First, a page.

RE: RoboHelp for Word or RoboHelp Office?

Subject: RE: RoboHelp for Word or RoboHelp Office?
From: "Mike Bradley" <mbradley -at- techpubs -dot- com>
To: "TECHWR-L" <techwr-l -at- lists -dot- raycomm -dot- com>
Date: Sat, 26 Jun 2004 11:57:58 -0700



> My new client and I have agreed (and will sign a contract confirming
> it), that we will agree on a time frame and cost of
> individual legs of
> the whole project. My guess is that those subagreements
> should also be
> in writing and signed. Is that correct? Or are verbal agreements all
> right?
>
> I've met with the client and it seems as if we can
> deal with one
> another just as in any other relationship of trust. Should
> I be worried
> about eventualities that I cannot foresee now and get
> agreement as to
> cost in writing?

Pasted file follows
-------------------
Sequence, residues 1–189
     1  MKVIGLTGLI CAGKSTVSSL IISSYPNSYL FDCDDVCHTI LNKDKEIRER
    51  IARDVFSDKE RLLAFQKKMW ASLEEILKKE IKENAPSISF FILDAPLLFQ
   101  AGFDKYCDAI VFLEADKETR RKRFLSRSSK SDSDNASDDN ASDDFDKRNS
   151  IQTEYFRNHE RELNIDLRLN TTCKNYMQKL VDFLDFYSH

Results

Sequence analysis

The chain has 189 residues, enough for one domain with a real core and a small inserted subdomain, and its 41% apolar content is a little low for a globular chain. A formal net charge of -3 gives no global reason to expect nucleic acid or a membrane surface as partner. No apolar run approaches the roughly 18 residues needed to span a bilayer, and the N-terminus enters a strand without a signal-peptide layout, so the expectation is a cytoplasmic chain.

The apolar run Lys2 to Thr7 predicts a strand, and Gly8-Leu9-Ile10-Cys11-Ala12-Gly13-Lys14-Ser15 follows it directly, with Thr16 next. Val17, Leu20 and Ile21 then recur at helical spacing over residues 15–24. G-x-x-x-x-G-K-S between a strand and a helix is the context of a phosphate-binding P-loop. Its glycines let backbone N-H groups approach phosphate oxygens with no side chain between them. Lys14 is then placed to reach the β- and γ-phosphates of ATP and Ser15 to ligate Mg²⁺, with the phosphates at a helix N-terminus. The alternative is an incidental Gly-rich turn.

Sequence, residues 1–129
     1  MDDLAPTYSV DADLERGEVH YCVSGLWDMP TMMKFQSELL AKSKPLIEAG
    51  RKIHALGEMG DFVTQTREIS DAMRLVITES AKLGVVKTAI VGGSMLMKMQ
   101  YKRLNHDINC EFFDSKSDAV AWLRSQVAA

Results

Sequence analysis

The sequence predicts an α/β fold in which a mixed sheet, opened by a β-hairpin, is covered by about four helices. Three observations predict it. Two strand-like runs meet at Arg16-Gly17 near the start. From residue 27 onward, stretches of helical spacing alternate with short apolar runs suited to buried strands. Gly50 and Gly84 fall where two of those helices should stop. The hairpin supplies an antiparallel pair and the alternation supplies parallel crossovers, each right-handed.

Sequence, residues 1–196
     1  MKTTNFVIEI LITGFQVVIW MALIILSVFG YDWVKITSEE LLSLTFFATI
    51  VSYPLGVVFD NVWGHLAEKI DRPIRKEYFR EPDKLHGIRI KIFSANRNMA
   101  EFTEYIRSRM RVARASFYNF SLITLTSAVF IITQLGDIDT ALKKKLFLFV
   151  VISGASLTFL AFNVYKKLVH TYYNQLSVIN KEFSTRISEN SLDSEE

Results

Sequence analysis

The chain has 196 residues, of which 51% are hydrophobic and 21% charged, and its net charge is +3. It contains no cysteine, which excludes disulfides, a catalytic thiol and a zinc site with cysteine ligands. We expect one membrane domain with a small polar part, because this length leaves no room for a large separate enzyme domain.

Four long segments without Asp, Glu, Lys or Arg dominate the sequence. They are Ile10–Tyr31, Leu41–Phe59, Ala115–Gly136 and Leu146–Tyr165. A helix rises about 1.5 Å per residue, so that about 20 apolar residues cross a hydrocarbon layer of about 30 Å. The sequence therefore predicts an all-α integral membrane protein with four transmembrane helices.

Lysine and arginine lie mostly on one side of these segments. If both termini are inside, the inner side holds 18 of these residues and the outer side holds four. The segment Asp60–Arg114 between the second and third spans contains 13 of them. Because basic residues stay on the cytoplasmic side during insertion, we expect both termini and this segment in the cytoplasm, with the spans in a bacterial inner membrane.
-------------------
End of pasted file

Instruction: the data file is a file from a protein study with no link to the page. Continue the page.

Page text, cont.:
I think you've answered your own question. You're already worried
about the situation.

Oral agreements are terribly unreliable. In this situation, the client
obviously has time and cost concerns, so I would want very clear
agreement on his (her?) criteria. You can only get that in writing.

If the criteria are the same for all the legs, you wouldn't need
separate agreements. If he has different criteria for each leg, you
would need to go separate. Either way, though, you can write them as
attachments and put a clause in the main contract that incorporates
the attachments into the contract.

You should also insist on remedy and change clauses. That is, you
should be given a reasonable amount of time to remedy any breach of
the agreement, and oral changes should not be allowed.

Lots of writers balk at the latter because it means every little
change in deadline or outline has to be documented. But changes have
to be documented anyway--that's what we do--so it's not nearly the
burden it appears to be. And an exchange of emails suffices for things
like schedule changes.


= Mike Bradley
www.techpubs.com


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References:
Re: RoboHelp for Word or RoboHelp Office?: From: Bonnie Granat

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